5 Conclusion

In general, the results of this study indicate that weather-induced variations in the Sava Lake during the summer of 2014 also induced short-term changes in the composition of the phytoplankton community, which affected the successional pattern. Water influx from excessive rainfall probably caused the dilution of the phytoplankton biomass, while intensive wind initiated the mixing of the entire water column, which was most likely followed by the resuspension of dissolved phosphorus from the sediment. Such conditions created a turbid environment, which favoured the growth of species from Codon F and J in late summer, but also decreased possibility of the massive cyanobacterial development.

In this study, the growth of M. aeruginosa, a species of interest when it comes to public health, positively correlated with insolation, temperature and transparency, which is in accordance with previous studies. In general, the limited amount of dissolved phosphorus in the Sava Lake enabled M. aeruginosa better competitiveness comparing to other cyanobacterial taxa. However, weather conditions characterized by frequent rainfall and intensive wind did not permit bloom formation.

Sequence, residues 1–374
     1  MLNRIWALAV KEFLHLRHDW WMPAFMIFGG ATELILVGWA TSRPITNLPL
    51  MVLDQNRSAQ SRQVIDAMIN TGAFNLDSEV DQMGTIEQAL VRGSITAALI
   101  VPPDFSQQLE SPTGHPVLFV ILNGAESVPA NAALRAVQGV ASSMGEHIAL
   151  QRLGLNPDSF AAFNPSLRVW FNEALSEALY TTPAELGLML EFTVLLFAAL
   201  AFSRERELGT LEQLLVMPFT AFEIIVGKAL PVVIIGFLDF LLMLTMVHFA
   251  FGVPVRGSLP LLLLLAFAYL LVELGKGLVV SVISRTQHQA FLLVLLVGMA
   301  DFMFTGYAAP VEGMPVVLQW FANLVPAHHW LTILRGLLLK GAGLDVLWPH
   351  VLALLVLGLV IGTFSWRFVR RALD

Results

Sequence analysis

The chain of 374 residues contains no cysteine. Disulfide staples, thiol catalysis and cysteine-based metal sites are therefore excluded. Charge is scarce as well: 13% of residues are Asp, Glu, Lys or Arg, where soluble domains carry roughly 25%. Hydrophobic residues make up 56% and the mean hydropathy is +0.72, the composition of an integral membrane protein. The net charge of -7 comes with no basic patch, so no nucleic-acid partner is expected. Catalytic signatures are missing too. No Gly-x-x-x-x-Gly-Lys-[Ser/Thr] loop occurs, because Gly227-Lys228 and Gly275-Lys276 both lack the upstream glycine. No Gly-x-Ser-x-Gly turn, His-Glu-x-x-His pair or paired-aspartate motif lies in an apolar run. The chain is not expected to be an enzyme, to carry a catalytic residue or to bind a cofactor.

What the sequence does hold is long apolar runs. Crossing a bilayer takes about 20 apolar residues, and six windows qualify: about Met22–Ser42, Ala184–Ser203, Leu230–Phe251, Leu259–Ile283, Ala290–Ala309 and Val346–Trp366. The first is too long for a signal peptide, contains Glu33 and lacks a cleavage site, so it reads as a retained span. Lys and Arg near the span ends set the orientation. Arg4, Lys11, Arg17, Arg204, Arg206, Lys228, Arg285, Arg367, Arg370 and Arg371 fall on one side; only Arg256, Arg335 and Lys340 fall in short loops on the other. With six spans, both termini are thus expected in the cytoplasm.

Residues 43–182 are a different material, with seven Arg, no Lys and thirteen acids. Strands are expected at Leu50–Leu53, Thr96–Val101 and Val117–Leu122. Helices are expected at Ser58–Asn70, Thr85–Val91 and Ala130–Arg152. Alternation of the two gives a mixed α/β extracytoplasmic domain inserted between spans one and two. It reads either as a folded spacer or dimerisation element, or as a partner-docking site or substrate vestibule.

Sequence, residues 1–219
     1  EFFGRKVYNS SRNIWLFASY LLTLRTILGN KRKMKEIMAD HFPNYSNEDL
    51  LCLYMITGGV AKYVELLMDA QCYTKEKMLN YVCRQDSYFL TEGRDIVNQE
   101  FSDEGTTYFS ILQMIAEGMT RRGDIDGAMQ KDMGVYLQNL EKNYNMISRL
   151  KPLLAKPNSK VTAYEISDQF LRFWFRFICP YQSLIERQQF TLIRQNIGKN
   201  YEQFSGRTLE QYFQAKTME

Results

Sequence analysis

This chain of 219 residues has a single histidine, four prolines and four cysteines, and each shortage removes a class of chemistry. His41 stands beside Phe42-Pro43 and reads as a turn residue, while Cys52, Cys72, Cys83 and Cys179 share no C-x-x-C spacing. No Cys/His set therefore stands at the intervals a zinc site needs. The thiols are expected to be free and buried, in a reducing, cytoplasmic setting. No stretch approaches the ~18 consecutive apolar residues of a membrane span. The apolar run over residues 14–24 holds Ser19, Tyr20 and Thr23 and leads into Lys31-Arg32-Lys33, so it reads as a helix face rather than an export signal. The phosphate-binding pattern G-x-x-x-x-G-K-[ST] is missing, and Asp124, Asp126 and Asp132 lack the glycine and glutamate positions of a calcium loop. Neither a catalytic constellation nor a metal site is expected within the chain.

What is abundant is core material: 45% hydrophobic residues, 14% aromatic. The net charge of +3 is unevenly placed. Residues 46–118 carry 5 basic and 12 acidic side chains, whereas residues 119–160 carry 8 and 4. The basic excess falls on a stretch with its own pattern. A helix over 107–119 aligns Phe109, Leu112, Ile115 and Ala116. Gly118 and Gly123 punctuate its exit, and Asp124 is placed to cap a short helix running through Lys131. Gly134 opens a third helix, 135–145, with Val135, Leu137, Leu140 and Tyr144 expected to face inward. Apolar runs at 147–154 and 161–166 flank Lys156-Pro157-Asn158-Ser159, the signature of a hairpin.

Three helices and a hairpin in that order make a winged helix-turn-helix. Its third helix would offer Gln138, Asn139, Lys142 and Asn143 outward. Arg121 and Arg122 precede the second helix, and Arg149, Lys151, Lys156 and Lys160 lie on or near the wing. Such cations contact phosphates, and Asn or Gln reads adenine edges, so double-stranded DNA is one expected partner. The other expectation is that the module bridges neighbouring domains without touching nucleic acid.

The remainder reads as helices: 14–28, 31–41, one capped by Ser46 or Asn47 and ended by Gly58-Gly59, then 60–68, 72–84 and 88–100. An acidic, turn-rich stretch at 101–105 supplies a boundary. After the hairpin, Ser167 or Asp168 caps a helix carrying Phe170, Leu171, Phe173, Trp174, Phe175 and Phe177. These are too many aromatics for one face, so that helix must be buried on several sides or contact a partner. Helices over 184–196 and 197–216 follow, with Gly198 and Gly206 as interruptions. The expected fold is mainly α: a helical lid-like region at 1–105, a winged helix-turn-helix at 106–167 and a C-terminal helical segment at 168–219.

For that reason, understanding how the phytoplankton community responds to environmental pressures is not only a valuable asset for the improvement of water quality control management, but also for upgrading ecological models in times of rapid climate change.


This research was supported by the Ministry of Science and Technological Development, Republic of Serbia, Project No. ON 176020. We express our thanks to Institute of Public Health of Serbia “Dr Milan Jovanović Batut” for providing us chemical analysis. We are grateful to Grainne Boyle Orlic for language correction. Also, we express our gratitude to anonymous reviewer for useful comments on an earlier version of the manuscript.


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Cite this article as: Jovanović J, Trbojević I, Simić GS, Popović S, Predojević D, Blagojević A, Karadžić V. 2017. The effect of meteorological and chemical parameters on summer phytoplankton assemblages in an urban recreational lake. Knowl. Manag. Aquat. Ecosyst., 418, 48.